Famed geographer and Professor Emeritus, Akin Mabogunje, will be celebrating his 90th year in October. It will be an occasion for his family, his relations and grateful students worldwide to roll out the red carpet, once more, for him to step on. I said, worldwide, without any hesitation because I only tripped on that awareness myself in a personal way. I did not know the extent of his international renown till when I went to Swansea University, UK, in 1979 for a Master’s degree in Regional Development Planning and found that Mabogunje’s works were part of the recommended readings.
When I came to know more about him later in life, I found out that even as early as 1971 or thereabout Mabogunje had been a visiting professor in many universities across the United Kingdom as well as some Swedish universities.
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Here in Nigeria, anybody that has been acquainted with the field of geography and where it is applied, particularly in areas of regional and town planning, must have come across Mabogunje. He has been the dominant national figure in the field. His books on the subject have been widely read in universities as well as in secondary schools. Across the continent here, he is reputed to be the first black African to earn a PhD in the subject and also the first to become a Professor of Geography, thus earning the sobriquet, the Father of African Geography.
What readers might find unique about Mabogunje and probably why he is so admired could be the abundant energy he carries his massive knowledge of geography into the realms of general human concerns. And it was exactly this that Mabogunje brought to the realization of Abuja as a Federal Capital City (FCT). When the military regime led by General Murtala Mohammed decided in 1975 to shift Nigeria’s capital, Lagos, to a more central location in the country, the government found that it knew very little about the virgin land that constituted most of the new area.
Professor Mabogunje was tasked with leading the team of scientists mostly from the universities that scoured the area to provide vital information on the ecological condition of the new territory. This information included flora and fauna, land use, census of the human population, people to be displaced, range of their assets and compensation to be paid, etc.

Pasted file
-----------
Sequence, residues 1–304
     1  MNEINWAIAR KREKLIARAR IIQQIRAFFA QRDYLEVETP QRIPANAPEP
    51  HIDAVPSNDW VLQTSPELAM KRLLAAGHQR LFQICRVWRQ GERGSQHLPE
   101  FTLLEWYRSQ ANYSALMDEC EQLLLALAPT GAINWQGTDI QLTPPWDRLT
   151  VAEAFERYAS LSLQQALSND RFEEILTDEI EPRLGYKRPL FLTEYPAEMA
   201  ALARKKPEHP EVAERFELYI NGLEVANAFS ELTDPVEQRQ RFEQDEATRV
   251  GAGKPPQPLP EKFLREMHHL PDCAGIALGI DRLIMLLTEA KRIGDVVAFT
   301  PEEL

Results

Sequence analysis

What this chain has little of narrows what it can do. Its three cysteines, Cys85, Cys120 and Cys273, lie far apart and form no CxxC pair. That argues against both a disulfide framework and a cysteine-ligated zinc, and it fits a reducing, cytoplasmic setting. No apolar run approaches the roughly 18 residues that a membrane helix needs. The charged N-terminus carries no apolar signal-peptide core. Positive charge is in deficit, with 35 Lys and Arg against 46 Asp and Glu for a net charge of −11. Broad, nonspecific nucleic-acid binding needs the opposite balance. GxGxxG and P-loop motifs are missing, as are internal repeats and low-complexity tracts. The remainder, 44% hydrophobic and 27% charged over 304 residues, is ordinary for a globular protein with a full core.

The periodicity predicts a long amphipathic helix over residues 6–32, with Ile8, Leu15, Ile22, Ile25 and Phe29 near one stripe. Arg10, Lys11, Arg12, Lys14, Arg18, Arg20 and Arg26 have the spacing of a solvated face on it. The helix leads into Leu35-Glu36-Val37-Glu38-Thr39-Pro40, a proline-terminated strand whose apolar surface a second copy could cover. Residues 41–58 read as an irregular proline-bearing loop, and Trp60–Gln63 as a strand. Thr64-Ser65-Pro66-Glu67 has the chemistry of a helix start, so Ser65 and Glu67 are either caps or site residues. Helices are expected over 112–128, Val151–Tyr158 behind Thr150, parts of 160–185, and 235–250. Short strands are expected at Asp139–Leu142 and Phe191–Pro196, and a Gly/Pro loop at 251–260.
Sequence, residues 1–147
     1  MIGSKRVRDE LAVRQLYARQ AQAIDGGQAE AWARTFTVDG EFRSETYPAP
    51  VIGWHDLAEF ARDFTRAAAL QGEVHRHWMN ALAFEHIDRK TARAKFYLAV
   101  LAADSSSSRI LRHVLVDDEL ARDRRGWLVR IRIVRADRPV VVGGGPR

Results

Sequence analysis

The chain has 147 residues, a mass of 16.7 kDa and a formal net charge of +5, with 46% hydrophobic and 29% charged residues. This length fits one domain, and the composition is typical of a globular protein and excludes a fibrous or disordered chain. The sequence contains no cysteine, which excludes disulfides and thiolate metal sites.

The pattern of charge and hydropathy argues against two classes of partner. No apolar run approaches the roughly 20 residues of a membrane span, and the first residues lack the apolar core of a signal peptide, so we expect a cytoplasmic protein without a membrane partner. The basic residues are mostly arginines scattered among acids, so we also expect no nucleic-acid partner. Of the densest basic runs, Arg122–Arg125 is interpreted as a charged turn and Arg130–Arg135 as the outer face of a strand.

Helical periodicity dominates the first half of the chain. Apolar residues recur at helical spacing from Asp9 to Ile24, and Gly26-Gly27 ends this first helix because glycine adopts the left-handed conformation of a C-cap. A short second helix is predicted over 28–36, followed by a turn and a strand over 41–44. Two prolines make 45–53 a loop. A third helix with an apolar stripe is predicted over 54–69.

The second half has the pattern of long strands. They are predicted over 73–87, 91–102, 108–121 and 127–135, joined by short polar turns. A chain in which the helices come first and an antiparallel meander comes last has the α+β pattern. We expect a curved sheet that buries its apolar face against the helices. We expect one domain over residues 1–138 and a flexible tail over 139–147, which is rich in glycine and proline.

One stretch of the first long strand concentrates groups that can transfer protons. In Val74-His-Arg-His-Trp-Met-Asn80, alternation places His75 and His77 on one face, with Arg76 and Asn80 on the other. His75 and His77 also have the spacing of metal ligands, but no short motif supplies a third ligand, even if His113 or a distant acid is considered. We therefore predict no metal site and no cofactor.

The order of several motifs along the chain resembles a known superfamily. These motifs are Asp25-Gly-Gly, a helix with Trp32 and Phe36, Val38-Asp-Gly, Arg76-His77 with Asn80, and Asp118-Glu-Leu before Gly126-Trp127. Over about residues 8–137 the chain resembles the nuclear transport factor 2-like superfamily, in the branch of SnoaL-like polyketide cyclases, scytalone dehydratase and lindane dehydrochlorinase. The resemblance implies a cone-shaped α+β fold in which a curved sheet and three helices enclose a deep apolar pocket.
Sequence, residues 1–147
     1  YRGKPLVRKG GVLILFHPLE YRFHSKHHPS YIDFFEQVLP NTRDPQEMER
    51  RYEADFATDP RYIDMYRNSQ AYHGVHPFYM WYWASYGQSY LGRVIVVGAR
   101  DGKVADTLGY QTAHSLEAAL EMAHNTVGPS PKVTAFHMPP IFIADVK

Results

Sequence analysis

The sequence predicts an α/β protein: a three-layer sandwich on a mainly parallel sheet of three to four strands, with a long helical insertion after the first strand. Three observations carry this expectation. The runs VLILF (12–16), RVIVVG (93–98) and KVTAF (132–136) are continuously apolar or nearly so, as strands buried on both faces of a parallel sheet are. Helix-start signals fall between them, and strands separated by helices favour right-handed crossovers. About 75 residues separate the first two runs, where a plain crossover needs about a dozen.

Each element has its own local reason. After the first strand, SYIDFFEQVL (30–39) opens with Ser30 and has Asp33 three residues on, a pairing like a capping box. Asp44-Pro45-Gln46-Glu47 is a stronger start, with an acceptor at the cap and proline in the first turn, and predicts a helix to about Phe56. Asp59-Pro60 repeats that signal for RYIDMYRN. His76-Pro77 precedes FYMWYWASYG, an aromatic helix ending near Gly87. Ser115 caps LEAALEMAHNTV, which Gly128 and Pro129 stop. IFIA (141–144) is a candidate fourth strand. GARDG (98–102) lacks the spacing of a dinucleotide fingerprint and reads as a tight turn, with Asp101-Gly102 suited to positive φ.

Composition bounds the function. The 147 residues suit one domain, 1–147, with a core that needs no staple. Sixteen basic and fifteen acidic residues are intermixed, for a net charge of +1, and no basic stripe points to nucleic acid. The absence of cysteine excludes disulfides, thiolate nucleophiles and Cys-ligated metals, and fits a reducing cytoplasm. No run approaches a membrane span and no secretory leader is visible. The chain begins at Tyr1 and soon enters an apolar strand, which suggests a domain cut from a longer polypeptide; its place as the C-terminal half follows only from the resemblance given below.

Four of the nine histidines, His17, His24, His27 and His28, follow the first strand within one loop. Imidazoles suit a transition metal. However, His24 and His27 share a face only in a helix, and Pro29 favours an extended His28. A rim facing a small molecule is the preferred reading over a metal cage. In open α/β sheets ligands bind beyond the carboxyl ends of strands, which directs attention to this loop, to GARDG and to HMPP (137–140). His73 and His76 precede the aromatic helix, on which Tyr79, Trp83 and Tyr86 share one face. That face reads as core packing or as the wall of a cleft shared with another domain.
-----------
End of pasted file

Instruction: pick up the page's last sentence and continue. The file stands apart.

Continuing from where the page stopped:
It was a back-breaking two-year assignment that would take him to the wilderness that later become the FCT, on a regular weekly basis from his base in Ibadan. Interestingly he had hands of assistance from Commander Murtala Nyako, then Military Governor of a freshly created Niger State who gave him a base in Minna and attached a senior administrative officer, Awwal Ibrahim as anchor and guide. In a few years ahead Awwal Ibrahim was also to become the civilian Governor of Niger State in 1979 and is today the Emir of Suleja. Obviously, it is the success of this intense preparatory work that is clearly evident in what is Abuja today.
Professor Mabogunje has always been a bridge of sorts between the university and the locals in the city, the town and gown, with a vision to use his knowledge of geography in the service of rural communities and the nation in general. His advice, in that regard, is always highly valued by successive governments of the federation. He is reputed to be the brain behind the creation of the Directorate of Foods, Roads and Rural Infrastructure (DFRRI) in 1986 which was set up to provide social and economic infrastructure in the rural areas. He remained a key player in DFFRI until 1990 when another of his ideas metamorphosed into the Board of Community Banks. I came to see him at close range there because my two close friends and campus mates, Zakari Isa Chawai and Abubakar Bukari were working directly with him in the headquarters of the Board of Community Banks in Abuja.
Professor Mabogunje was a tireless promoter of community banking, touring all nooks and corners of the country. The idea caught on like bush fire, and by the time he resigned from the Board in 1994 over 1300 community banks have been established all over the country. Today those community banks have become the cornerstones of micro-finance banks. Thereafter he was very much sought after to chair commissions, committees and panels which in one way or the other were always associated with urban and regional planning.
The Presidential Technical Committee on Land in Nigeria which he has been chairing since 2009 is probably still an outstanding assignment.
Professor Mabogunje has received far too many awards in his lifetime to allow mention in this short piece. But I guess one award that should be close to his heart would be that of the Vautrin-Lud Prize of 2017.
It is the highest honour in the field of geography and is highly coveted. It is probably why it is referred to as The Nobel Prize of Geography. Since the prize was instituted in 1991, Professor Mabogunje is the first African to be named a recipient.
Now, the FCT where he did a lot of the groundbreaking work, should be counted among those that have honoured him.